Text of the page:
The Second World Conference on the Revitalization of the Mediterranean Diet is a follow up to the First World Conference on the Mediterranean diet "From a Healthy Dietary Pattern to a Healthy Mediterranean Sustainable Lifestyle", organized in 2016, in Milan, by IFMeD (International Foundation of Mediterranean Diet), with CIHEAM Bari and FENS (Federation of European Nutrition Societies), with the technical collaboration of FAO, and the collaboration of the Forum on Mediterranean food Cultures, Ciiscam/SapienzaUniversity of Rome, ICAF (International Commission on Food Anthropology), and Sprim-Italia as event manager. On this occasion, the Call for Action on the Revitalization of the Mediterranean Diet was launched, signed by 37 scientific societies, research institutes and national and international organisations, following two previous Calls:
"2015 Med Diet EXPO Call: Time to Act ", joined by 81 institutions, on the occasion of the International Conference at the EXPO in Milan on "Does the Mediterranean Diet Still Exist? Nutrition-Health-Quality-Sustainability-Innovation-Evolution", organized by CNR, CREA, Ciheam Bari, ENEA and Forum on Mediterranean food cultures, in collaboration with IFMeD, produced by Sprim-Italy as Media Partner & Technical Advisor;
"2005 Call for a Common Action on Food in the Mediterranean", on the occasion of the third Euro-Med Forum "Dialogues between Cultures and Civilizations of the Mediterranean on Food Security", organized in Rome, under the high patronage of the President of the Republic, by the Institute of Food Science and Nutrition of the Sapienza University of Rome and the Forum on Mediterranean Food Cultures, with the collaboration of CIHEAM Bari, ICAF, and the Foundation Universitas Italica, with the economic support of the Regions of Sicily and Calabria.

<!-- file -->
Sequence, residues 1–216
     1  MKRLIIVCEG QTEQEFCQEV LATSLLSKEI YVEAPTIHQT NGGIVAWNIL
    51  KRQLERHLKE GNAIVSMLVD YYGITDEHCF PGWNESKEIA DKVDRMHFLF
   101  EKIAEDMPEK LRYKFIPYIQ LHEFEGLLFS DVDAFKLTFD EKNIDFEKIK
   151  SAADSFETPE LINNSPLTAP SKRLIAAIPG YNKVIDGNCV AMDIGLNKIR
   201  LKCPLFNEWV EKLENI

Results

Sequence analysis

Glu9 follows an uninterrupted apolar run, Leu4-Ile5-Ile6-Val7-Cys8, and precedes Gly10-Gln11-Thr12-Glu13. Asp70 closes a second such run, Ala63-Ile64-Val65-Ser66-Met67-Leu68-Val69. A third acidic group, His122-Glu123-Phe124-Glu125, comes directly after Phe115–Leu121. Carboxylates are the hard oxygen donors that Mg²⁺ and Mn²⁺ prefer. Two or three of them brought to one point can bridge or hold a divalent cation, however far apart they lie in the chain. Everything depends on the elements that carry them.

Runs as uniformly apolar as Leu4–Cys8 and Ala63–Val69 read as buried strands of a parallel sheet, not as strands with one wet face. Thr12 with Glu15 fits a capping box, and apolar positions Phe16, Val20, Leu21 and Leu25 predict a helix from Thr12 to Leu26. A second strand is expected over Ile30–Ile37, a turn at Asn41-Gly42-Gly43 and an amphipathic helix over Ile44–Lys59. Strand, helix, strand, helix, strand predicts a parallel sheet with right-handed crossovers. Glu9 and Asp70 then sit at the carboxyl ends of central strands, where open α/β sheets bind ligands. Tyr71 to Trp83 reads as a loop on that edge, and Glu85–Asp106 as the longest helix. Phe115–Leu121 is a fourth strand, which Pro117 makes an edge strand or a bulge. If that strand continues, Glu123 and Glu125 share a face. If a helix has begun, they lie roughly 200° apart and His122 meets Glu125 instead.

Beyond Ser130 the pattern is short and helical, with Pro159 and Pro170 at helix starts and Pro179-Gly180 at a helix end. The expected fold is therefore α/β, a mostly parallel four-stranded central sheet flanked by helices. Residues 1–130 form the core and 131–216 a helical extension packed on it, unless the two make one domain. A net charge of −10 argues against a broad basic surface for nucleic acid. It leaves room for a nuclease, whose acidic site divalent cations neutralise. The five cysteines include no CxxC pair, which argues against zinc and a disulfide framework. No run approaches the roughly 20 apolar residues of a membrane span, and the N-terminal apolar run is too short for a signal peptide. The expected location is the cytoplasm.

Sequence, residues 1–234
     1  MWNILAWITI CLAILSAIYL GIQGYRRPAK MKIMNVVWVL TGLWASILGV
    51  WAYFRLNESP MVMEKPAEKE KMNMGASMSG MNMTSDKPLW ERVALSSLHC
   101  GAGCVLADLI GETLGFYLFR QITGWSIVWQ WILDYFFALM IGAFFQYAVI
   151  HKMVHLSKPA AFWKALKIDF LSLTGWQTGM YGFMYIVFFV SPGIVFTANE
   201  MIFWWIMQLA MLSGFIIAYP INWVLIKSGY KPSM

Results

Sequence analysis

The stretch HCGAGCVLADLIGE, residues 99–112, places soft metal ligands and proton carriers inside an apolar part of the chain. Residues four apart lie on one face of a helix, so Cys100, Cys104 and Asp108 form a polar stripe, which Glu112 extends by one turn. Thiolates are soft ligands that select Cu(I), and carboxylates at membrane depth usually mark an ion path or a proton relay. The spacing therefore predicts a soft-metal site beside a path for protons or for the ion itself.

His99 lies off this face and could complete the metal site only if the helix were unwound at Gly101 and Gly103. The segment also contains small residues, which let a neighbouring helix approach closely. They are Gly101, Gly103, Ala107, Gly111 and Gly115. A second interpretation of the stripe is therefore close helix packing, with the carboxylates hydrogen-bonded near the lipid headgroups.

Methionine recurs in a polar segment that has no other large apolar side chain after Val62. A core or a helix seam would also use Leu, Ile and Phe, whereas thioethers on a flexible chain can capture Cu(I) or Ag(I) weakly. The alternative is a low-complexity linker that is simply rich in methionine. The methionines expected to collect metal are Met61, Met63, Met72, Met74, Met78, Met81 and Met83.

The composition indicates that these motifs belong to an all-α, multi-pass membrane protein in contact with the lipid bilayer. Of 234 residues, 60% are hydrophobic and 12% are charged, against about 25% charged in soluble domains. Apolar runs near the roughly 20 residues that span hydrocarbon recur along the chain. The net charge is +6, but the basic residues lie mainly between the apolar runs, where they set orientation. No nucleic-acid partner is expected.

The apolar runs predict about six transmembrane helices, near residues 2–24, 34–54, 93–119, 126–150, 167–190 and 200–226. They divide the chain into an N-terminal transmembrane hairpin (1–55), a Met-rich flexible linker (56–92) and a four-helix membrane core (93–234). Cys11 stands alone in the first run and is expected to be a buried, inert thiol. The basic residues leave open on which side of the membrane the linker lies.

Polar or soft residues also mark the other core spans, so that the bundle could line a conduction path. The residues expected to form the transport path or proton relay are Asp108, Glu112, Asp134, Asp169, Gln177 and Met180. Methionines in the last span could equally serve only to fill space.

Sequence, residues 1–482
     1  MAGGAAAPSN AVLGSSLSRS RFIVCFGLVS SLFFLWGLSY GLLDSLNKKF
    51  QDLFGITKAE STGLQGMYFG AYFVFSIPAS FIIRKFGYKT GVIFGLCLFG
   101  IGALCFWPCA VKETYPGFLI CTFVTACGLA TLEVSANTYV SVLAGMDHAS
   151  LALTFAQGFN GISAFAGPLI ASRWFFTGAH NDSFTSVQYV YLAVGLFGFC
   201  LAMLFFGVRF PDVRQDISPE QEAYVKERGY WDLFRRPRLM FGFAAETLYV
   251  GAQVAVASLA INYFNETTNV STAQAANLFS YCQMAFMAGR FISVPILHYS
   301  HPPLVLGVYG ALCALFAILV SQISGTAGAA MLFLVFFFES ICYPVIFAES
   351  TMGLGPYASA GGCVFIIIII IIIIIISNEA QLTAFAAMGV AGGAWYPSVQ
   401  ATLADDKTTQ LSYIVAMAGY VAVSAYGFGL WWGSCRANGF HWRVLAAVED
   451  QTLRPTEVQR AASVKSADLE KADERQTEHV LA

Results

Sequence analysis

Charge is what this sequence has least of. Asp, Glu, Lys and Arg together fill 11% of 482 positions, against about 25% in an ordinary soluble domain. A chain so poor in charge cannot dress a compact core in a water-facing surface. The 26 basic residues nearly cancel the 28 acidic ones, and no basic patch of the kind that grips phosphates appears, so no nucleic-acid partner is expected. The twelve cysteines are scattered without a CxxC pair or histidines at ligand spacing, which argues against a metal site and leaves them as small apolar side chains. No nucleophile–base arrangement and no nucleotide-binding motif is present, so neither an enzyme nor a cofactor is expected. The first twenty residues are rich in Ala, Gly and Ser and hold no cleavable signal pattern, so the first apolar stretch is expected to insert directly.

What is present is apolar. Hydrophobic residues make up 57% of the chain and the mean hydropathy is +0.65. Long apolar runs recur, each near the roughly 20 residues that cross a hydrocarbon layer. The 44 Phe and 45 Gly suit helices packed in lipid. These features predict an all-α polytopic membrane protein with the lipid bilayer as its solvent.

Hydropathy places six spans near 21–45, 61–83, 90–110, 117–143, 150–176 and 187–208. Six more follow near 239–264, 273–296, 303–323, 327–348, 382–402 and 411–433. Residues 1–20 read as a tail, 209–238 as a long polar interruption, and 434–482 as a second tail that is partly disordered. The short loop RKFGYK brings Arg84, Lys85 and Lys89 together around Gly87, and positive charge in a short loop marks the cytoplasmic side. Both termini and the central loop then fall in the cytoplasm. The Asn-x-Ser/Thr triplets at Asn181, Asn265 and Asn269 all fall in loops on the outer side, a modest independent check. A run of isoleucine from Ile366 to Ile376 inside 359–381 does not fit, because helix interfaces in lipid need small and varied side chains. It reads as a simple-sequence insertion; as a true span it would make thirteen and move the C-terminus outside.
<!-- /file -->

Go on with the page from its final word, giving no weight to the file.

Since 2002, through a continous interdisciplinary dialogue among participants, the Mediterranean Diet has been foreseen as a sustainable development resource for the Mediterranean region. Since 2009, it has been identified as a sustainable diet model, and, in 2010, acknowledged as an intangible cultural heritage of humankind by UNESCO.
The Mediterranean is historically the meeting region of ancient millenarian histories from which the modern Western culture was born and is the region, at this particular historical moment, in which growing ecological, economic and social challenges coexist with unresolved international tensions. The Mediterranean is currently seen mostly as a dividing sea, but culturally diverse countries are still found united within the Mediterranean diet heritage without for this to distort the identity of each of them. The Mediterranean diet is the testimony of the strong conjunction between people, who are living in the same sea, their territories and their ways of life, as stated in the Charter of the Bio-Mediterranean, signed by the participant countries of the Bio-Mediterranean Cluster of the EXPO Milan 2015.
In the context of achieving the objectives of Agenda 2030 for Sustainable Development, the interest on sustainable food diets has grown in recent years, in the overall framework of improving the sustainability of current Food systems, by linking consumption and production. In this international debate, the interest in the Mediterranean diet has also been re-activated as sustainable diet model, linking food consumption and production in the Mediterranean region.